Tuesday, February 12, 2013

Fog-catching fabric could improve water collection in deserts

Joel Winston in SciDev.net:  A novel and affordable fabric may improve the efficiency of water collection from fog, helping to provide freshwater in desert areas. Researchers from the Eindhoven University of Technology (EUT), in the Netherlands, and Hong Kong Polytechnic University, China, turned a  cotton fabric into a water-collecting material by coating it with a polymer called PNIPAAm.

The fabric switches between absorbing moisture directly from the air when it is foggy and cold, and releasing it as water at warmer temperatures, according to a paper to be published on 21 February in Advanced Materials.

Every kilogramme of the sponge-like fabric can absorb around 3.4 litres of water from the air.  When the ambient temperature rises, the material's microstructure changes and the water is released. These processes are repeatable, raising hopes the fabric could act as an autonomous water-collecting device.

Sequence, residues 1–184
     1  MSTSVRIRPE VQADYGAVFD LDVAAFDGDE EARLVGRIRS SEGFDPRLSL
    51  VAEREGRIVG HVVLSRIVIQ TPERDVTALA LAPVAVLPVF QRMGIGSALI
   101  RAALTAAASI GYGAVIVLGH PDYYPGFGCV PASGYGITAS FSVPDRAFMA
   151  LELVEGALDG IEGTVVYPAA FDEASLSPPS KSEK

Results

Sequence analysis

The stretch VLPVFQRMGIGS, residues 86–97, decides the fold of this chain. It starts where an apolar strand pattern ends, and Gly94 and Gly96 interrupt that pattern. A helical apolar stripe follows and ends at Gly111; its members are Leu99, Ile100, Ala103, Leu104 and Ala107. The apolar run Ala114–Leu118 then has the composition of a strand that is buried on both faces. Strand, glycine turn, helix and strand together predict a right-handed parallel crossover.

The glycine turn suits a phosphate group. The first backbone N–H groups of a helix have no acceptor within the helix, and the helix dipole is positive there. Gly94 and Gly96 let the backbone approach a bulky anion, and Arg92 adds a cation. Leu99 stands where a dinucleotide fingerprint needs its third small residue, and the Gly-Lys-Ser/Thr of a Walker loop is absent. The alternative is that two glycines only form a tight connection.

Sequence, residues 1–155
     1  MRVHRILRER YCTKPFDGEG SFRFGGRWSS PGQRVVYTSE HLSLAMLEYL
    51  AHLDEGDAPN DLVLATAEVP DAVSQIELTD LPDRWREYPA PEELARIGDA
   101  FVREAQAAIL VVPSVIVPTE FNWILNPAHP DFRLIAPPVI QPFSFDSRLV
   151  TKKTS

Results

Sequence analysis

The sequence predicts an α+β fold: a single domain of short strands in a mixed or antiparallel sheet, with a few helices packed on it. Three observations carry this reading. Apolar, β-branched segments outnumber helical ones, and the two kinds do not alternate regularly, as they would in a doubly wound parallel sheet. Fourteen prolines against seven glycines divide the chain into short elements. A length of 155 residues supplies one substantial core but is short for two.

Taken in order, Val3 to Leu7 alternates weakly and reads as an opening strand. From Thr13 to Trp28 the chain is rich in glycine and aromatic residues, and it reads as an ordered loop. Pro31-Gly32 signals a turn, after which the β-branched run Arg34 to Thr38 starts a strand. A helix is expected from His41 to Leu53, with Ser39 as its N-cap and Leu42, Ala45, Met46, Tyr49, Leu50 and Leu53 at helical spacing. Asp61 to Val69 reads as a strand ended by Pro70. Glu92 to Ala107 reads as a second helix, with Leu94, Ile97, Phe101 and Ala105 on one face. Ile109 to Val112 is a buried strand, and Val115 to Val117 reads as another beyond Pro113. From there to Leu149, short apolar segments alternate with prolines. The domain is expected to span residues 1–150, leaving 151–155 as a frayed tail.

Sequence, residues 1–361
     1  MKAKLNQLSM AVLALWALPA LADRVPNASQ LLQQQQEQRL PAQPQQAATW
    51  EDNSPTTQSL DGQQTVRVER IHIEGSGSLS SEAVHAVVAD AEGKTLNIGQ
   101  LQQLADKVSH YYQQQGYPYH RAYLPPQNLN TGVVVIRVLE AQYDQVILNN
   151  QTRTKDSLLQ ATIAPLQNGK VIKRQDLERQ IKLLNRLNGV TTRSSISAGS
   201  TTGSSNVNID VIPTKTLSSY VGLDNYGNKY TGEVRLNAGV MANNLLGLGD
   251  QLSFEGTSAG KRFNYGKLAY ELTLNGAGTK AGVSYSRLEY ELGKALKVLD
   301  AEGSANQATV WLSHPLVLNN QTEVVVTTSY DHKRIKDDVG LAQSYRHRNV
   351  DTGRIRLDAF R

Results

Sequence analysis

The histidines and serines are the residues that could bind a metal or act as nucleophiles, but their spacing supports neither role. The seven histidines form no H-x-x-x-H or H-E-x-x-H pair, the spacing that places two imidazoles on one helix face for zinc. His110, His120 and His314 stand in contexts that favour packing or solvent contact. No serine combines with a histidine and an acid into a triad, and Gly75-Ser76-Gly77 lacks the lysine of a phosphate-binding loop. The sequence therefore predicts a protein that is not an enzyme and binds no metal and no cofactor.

The team hopes the material could be used to harvest water in dry coastal areas, such as the Namib Desert, in Namibia, where rainfall is scarce but ocean air currents frequently bring vapour-carrying fogs.

The temperature range within which the fabric collects, and then releases, water is similar to the typical daytime highs and night-time lows seen in deserts....

A dune in the Namib Desert, shot by Teo Gómez, who has released it into the public domain

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